So far so good: the suspect is clearly identified as the agent. But that reference to the "active voice" clearly implies an upcoming allegation that the police use the passive voice when talking about their shootings. And the article signally fails to establish this. One quoted police report says: "The suspect then ran towards the officers still armed with the sword and an officer-involved-shooting occurred." Another says: "When the suspect continued to advance on the officer while refusing to comply with his repeated commands, an officer-involved shooting (OIS) occurred." I grant you that this phrase "officer-involved shooting" (it even has its own abbreviation!) is a weird piece of slippery and evasive bureaucratic jargon. But the examples given are just as much in the active voice as the earlier one where the suspect does the shooting.

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    Usage masochism

    I think it is time to make public my private suspicion that most of the customers for prescriptive usage guides are masochists. They want to be punished for imaginary grammar crimes. I plan to speak out. My paper at the Cambridge English Usage Guides Symposium this Friday afternoon will be entitled "The usage game: catering to perverts." Abstract here.

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    Bonfire beneficiaries

    Subeditor Humphrey Evans points out to me that the grammar of phishing spam emails is getting worse and worse, rather than better. He recently saw one that contained this text:

    The sum of (6.5M Euros only will be transfer into your account after the processing of all relevant legal documents with your name as the bonfire beneficiary, the transfer will be made by Draft or telegraphic Transfer (T/T), conformable in 3 working days as soon as you apply to the bank director.

    That "bonfire beneficiary" bit is an eyebrow-raiser, isn't it? It seems to be an error for the Latin phrase bona fide "good faith".

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    Territorial rights for languages

    I had been waiting for the world's media to notice the extraordinarily anomalous character of Vladimir Putin's notion that he can annex pieces of land simply because speakers of the Russian language live there and are feeling aggrieved or imperilled. And now The Economist has done the job very nicely. See this page for an article about what the world map would look like under a generalization of Putin's doctrine.

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    Gaps inside adjunct phrases

    Linguists have often assumed that the principles of English syntax do not allow a dependency between the head noun and the "gap" in a relative clause to span the boundaries of an adjunct such as a conditional if phrase. They will invent pairs of this sort to illustrate the ungrammatical results:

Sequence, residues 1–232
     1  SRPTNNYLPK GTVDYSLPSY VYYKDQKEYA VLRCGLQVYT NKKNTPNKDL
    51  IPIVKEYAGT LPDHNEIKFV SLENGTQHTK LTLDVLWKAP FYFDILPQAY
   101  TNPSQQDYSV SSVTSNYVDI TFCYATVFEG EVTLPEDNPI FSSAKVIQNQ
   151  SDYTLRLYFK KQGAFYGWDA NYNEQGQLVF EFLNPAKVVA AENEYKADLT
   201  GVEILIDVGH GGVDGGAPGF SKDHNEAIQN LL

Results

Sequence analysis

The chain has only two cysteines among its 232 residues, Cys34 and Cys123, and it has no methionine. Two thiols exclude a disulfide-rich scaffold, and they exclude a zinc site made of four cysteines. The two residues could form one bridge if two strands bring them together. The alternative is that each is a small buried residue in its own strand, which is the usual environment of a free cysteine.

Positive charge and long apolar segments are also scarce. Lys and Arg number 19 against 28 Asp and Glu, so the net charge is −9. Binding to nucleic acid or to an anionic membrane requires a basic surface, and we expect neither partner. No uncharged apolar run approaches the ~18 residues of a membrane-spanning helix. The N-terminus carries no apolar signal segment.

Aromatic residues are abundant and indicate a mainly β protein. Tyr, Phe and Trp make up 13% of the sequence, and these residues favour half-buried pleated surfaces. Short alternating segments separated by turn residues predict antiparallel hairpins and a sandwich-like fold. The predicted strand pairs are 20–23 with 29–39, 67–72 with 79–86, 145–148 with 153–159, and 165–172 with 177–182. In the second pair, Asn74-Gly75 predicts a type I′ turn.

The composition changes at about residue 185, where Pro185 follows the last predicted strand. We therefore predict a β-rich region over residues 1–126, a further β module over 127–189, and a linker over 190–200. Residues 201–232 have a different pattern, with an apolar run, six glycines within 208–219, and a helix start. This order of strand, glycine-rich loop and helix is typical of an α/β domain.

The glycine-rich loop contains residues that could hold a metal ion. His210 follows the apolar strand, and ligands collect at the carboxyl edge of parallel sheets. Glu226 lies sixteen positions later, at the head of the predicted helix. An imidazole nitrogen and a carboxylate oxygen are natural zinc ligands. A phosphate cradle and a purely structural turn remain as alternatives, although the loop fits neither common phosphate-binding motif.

1. I'm working with a man that I think you would absolutely hate.
    2. *I'm working with a man that if you saw you would throw up.

    In the first, the meaning of the relative clause is "I think you would absolutely hate him", and syntactically there is a gap where the object of hate (underlined) would have been. But in the second, the meaning of the relative clause is if you saw him you would throw up, and the underlined pronoun is inside the conditional adjunct if you saw [him]. Having the gap inside the adjunct is not permitted, they say.

    And they mean that descriptively: the claim is not that you ought to avoid sentences like 2 above; the claim is that all speakers have a natural instinctive aversion to syntactic structures of this sort.

    But is that true?

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    Not guilty on this train

    Wenn sounds a bit like when, but doesn't really mean "when" in German; it usually means "if". Wer sounds a bit like where, but it doesn't mean "where", it means "who". Sechs sounds like sex but doesn't mean "sex". Gift looks like gift but means "poison". Nothing is easy, even when dealing with languages as closely related as English and German (the curse of Babel really was a serious curse). I was reflecting on such matters yesterday as I waited to begin my journey on a fast train from Salzburg to Munich. How easy and natural it would be to make the wrong assumption about, for example, the meaning of the adjective gültig, which I had seen on my tickets and accompanying documents. And as if on cue, I suddenly heard the beautifully-spoken announcer tell us in English over the train's PA system that tickets of a certain category "are not guilty on this train."

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    Grammar scandal at WSJ

    Misspelling prosecutor as prosector is one thing; we all make letter-omission slips occasionally. But misspelling your version as you're version in a headline in a quality newspaper? It's a whole different magnitude of editorial sin. Yet at the time of writing, The Wall Street Journal's European edition has a headline up online saying "Prosector to Oscar Pistorius: 'You're Version's a Lie'"!